This talk will focus upon presentation of the AKS Primality Test Algorithm that is derived from their new characterization of prime numbers. I will save the proof of this characterization for my upcoming defense, instead providing in this talk a discussion of algorithmic complexity using “Soft-O” notation to prove that the algorithm runs in polynomial time.

We also discuss the challenges of implementing this algorithm to run across a high-performance computing cluster of Xserve G5′s.


Friday, Apr 28, 2006
11:15am, 108 Neville Hall

Ben MorinDept. of Mathematics and Statistics, University of Maine
The effect of static and dynamic spatially structured disturbances on a locally dispersing population model
Thesis defense; Advisor: David Hiebeler

Pair approximation equations have been in use now for several years as a method to enhance the level of spatial information captured by mathematical models. David Hiebeler, as well as others (Levin, Rand, Ellner), has been exploring the use of the pair approximation as a way to get better estimates of a system’s behavior than previous methods (i.e. mean field approximations). His previous work has involved looking at the pair approximations for basic contact processes set on homogeneous landscapes, with near and far dispersal, heterogeneous landscapes, and spatially correlated disturbances on the population level.

This thesis will explore the combined effect of two of Dr. Hiebeler’s previous works, that of heterogeneous landscapes and spatially correlated population disturbances. The question of the effect of the simultaneous interactions is so far left open, and this work is an attempt to investigate this synergy. Specifically I will look at the effect of having both the landscape (static) and population level (dynamic) disturbances on the same spatial scale.


Friday, Apr 28, 2006
2:10pm, 101 Neville Hall

Dr. Jian HanSenior Research Biostatistician, Global Biometric Sciences, Bristol-Myers Squibb
Statistician’s Role in Pharmaceutical Industry — A Snapshot at Bristol-Myers Squibb

I will start with an introduction to BMS, one of the top pharmaceutical companies in US. I will focus on what are the challenges faced not only by BMS but also by all other drug development companies: strategy in pipeline, choice of major disease areas, R&D expenses, and success rate. Next, I will briefly summarize the functional roles of biostatistician in the drug development at BMS,from early drug discovery to phase III or later trials. Some practical statistical issues that we often deal with will be discussed. Finally, I will explain, by using a real example, on what are the major steps in the design of the clinical trial and what are the common key statistical issues that are usually required to be pre-specified.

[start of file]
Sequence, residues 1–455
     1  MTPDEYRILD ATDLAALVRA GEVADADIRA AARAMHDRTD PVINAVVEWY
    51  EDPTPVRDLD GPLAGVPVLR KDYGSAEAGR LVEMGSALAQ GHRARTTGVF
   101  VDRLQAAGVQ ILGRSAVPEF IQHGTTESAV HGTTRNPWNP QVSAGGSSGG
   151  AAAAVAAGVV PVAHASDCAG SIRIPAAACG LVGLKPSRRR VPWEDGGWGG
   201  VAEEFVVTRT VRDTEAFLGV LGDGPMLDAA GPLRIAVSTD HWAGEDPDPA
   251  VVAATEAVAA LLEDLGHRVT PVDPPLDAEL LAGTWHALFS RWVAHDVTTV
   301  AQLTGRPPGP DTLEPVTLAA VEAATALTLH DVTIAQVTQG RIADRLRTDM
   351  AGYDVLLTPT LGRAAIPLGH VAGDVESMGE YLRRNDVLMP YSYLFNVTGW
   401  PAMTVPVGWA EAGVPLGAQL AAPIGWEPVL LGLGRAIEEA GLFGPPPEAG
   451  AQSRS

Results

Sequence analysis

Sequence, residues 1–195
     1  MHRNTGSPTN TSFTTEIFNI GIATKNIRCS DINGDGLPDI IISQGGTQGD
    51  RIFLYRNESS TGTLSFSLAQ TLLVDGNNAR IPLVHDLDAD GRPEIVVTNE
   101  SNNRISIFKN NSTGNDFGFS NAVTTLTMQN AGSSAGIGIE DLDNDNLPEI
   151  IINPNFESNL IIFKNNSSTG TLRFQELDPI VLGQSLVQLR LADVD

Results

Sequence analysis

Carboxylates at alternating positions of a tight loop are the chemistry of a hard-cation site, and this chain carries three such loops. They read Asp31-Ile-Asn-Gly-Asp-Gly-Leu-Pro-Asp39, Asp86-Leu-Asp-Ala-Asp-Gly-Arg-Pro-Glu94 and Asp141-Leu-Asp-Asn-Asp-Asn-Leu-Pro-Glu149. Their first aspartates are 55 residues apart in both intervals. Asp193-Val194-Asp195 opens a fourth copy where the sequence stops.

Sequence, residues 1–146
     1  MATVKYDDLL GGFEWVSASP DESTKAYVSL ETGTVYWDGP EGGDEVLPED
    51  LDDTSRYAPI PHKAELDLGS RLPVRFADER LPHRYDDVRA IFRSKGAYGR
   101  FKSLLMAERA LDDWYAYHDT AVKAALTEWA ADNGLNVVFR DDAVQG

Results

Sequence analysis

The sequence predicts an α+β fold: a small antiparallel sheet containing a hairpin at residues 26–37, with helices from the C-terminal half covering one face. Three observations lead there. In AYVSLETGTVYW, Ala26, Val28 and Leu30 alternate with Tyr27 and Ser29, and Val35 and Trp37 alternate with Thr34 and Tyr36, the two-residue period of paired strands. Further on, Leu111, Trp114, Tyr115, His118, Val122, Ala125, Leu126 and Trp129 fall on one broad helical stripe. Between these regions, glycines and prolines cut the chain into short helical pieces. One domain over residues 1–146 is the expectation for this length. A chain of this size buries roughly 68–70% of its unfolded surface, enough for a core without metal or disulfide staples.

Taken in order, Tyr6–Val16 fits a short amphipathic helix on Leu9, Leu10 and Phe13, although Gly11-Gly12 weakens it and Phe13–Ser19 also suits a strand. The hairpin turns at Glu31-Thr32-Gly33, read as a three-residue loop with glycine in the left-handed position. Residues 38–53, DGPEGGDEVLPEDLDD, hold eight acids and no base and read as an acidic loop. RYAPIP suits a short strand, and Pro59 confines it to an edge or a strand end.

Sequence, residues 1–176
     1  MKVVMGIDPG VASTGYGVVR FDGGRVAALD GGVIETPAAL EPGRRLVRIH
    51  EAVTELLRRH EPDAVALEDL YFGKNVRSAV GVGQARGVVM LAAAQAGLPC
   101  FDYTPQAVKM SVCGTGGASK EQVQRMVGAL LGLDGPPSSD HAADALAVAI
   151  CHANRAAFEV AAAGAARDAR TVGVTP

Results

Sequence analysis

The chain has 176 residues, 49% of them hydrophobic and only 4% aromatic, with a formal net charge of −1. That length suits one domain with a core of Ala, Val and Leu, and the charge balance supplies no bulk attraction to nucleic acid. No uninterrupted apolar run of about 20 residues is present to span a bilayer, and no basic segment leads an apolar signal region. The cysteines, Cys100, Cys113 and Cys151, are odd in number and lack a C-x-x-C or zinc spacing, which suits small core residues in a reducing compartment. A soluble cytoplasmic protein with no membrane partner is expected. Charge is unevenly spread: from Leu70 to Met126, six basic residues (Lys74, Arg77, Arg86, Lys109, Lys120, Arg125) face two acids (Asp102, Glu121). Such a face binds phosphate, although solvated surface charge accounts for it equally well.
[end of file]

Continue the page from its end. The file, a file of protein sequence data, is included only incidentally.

Jian Han is a former student of University of Maine, Department of Mathematics and Statistics. He has a Master’s degree from our department and a Ph.D .in Biostatistics from Southern Methodist University, Dallas, Texas.


Friday, Apr 28, 2006
3:10pm, 421 Neville Hall

Justin BronderDept. of Mathematics and Statistics, University of Maine
On the AKS primality test
Thesis defense; Advisor: Andrew Knightly

In August of 2002, three Indian computer scientists, Manindra Agrawal, Neeraj Kayal and Nitin Saxena, released a paper simply titled ‘PRIMES is in P’. Within a scant number of pages, they were able to clearly demonstrate a deterministic polynomial time primality test.

Following up on my previous presentation, I will now demonstrate the correctness of the AKS characterization of prime numbers. I also utilize the recent comments of Lenstra, Pomerance, and Granville which improve on a number of areas of the proof.


Monday, May 1, 2006
3:00pm, 421 Neville Hall

Dr. Ian McKeagueDepartment of Biostatistics, Columbia University
Binary decision trees and split point estimation

This talk discusses the problem of estimating split points (or thresholds) in semiparametric regression models. The aim is to find an effective way of condensing information in the nonparametric part of the model into a small number of estimable parameters. A binary decision tree is used as a working model, with the jump representing a point at which the regression function changes abruptly between two levels. We find the asymptotic distribution of estimators of best-fitting parameters under an arbitrary misspecification of the working model. The estimators converge at cube-root rate to a non-normal continuous limit distribution. This is in marked contrast to change point estimators which converge at rate n to jump processes under the (exuberantly optimistic) assumption that the change point model is correctly specified. The approach is illustrated with two examples. The first concerns a nonparametric regression model for estimating a phosphorus threshold at which biological imbalance occurs, and the second concerns a proportional hazards model for the onset age of schizophrenia. This is joint work with Moulinath Banerjee.